OzTorah: Torah Reading – Chayyei Sarah


It’s all very well to accuse Judaism of being patriarchal, but the fact is that tradition has a matriarchal theme that comes to the fore when parents bless their daughters on Erev Shabbat, saying,

“May God make you like Sarah, Rebekah, Rachel and Leah”.

Sarah heads the list. Her name literally means “princess”, so that she shares equal status with Abraham, whom the Bible calls a prince. The sages call her a prophet and say that her gift of prophecy was greater than Abraham, able to see right into the spirit of a person or situation.

When Abraham sought a wife for Isaac, he looked for a woman with Sarah’s qualities. She was beautiful all her life, in character as well as appearance; she was sinless, determined to live in harmony with God, her husband and the world.


The death of Sarah recalls the tradition that three couples – Abraham and Sarah, Isaac and Rebekah, and Jacob and Leah, were buried in the Cave of Machpelah. This name is from “k-f-l”, “double”.

Abraham Sarah and Isaac, Judaica watercolor painting. credit: www.etsy.com

Why Abraham chose this as a burial place is explained in “Pir’kei d’Rabbi Eliezer”, which says that when Abraham bought the site from the local inhabitants he was visited by three angels. He wanted to give them a feast but the calf he chose ran into the cave of Machpelah and he went after it. In the cave he found the grave of Adam and Eve, and decided that the family would have their last resting place there.

Hence there are two traditions about Machpelah – one that says that three couples were buried there, and another that says there were four.

The site was holy both to the monotheistic faiths who all revere the Biblical patriarchs, and (in theory at least) to all mankind, who, whatever their nation or creed, descend from the first man and woman.


The Machpelah theme illustrates our age-old concern that our dead should be properly buried.

One of the first things we did when we settled anywhere was to establish a cemetery. The silent graves there speak volumes. Historical researchers, who do not necessarily have a personal connection with the people buried there and sometimes no personal affiliation with Judaism, find cemeteries an indispensable historical resource – for example, the Jewish cemetery in Prague despite its higgledy-piggledy look.

Tragically, our cemeteries were treated without the slightest respect wherever antisemites had the chance, and this still goes on. What to do about such attacks is a major problem, but from the internal Jewish point of view we need to make sure that we do not compound this savagery by our own neglect of our cemeteries.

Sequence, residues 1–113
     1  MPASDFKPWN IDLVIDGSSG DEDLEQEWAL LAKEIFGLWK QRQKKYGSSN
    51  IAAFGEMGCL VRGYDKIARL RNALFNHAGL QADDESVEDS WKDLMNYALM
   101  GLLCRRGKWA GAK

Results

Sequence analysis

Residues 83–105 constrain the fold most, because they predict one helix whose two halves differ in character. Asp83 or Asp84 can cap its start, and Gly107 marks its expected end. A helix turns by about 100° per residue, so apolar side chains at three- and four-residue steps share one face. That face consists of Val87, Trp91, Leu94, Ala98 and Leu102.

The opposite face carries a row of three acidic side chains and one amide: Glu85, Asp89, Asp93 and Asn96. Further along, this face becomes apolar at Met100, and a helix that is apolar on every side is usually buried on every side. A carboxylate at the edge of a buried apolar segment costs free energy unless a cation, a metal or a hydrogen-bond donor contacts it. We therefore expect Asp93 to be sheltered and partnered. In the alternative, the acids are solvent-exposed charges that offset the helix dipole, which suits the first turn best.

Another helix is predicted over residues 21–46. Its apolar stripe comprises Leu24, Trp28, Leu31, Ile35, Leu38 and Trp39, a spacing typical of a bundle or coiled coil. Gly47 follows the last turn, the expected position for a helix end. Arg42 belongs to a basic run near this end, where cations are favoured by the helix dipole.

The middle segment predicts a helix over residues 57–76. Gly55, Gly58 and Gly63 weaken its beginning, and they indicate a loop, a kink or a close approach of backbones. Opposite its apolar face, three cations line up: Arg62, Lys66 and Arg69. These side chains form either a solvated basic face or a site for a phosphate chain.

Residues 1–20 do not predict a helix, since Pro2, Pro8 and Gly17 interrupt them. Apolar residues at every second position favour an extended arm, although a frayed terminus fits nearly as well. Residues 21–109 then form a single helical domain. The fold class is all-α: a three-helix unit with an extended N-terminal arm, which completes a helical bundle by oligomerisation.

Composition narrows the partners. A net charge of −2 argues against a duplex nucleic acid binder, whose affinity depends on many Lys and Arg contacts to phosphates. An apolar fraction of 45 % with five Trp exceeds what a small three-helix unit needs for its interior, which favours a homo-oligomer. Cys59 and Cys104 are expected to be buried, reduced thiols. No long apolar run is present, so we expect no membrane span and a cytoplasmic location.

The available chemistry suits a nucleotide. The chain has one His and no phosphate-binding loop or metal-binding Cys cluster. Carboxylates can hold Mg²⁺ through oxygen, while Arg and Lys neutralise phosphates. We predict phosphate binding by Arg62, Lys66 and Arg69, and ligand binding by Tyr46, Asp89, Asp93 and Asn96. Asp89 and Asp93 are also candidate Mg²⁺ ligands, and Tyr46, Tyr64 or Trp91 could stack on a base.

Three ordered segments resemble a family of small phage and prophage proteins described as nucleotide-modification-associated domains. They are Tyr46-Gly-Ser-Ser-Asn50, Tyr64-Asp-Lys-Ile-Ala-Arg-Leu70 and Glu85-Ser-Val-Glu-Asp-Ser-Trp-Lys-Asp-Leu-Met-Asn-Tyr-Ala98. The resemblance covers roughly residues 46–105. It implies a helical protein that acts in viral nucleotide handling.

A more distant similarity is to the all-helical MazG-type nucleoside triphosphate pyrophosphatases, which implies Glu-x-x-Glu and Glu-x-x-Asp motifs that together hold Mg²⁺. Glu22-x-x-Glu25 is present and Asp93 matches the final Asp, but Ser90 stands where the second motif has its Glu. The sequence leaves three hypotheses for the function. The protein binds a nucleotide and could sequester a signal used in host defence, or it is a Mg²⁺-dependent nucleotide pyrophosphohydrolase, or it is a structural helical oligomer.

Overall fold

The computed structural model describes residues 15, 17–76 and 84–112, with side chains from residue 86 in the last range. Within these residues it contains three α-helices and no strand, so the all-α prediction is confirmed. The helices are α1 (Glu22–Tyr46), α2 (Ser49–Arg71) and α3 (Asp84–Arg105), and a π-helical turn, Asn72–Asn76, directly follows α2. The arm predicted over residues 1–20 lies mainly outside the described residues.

It would be the final indignity if we left old graves to fall apart and disintegrate because of our neglect.


“And Abraham came to mourn for Sarah and to weep for her” (Gen. 23:2). The word “came” leads us to ask where he had been. Was he not at his wife’s bedside when she passed away?

Some link this verse with the story of the Akedah in the previous chapter and say that when Sarah heard that Isaac had nearly lost his life the shock killed her. Others (e.g. Rashi) suggest he had been looking after his flocks at Beersheva. Ramban argues that since a Biblical wife had her own tent (Gen. 24:67), Abraham came from his tent to hers.

It may be that “came” reflects mere linguistic usage; it does not mean he physically came from anywhere but simply proceeded to mourn when she had died.

The question we ask is however not merely why he came but why he mourned first and wept for her afterwards. Surely human nature would go the other way! But perhaps there are two reasons, not one, to cry when a person dies.

The first tears are the outpouring of emotion. The second are in a sense more intellectual. “To mourn” is “lispod”, which has the sense of eulogising, giving a “hesped”. What does a eulogy do? It describes, it assesses the person who has died. Mourning is not just feeling but thinking, reflecting, contemplating. The mind arouses the heart. If the past saw many years of shared life when you thanked God for the person who has now gone, their death inevitably, tragically concentrates your thoughts. No wonder, like Abraham, you cannot help crying.

Judaism knows this, but it also promises that the Almighty will “make death pass into life eternal, and the Lord God will wipe away tears from off all faces” (Isaiah 25:8).


Rabbi Apple served for 32 years as the chief minister of the Great Synagogue, Sydney, Australia’s oldest and most prestigious congregation. He was Australia’s highest profile rabbi and held many public roles.

He is now retired and lives in Jerusalem. Rabbi Apple blogs at http://www.oztorah.com

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